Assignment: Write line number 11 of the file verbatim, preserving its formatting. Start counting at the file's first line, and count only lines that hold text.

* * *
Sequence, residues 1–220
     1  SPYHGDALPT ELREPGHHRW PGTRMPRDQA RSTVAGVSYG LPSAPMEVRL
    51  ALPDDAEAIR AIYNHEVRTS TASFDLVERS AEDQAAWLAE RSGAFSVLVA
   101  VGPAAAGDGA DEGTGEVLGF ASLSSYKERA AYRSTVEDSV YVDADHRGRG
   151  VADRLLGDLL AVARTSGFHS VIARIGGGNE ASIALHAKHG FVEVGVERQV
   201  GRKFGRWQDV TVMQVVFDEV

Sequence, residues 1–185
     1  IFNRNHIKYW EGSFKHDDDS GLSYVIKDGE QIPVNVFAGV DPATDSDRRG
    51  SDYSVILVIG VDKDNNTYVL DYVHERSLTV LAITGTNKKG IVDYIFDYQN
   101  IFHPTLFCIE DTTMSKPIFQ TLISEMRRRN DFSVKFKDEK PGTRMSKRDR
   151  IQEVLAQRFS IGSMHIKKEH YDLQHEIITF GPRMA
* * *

   151  IQEVLAQRFS IGSMHIKKEH YDLQHEIITF GPRMA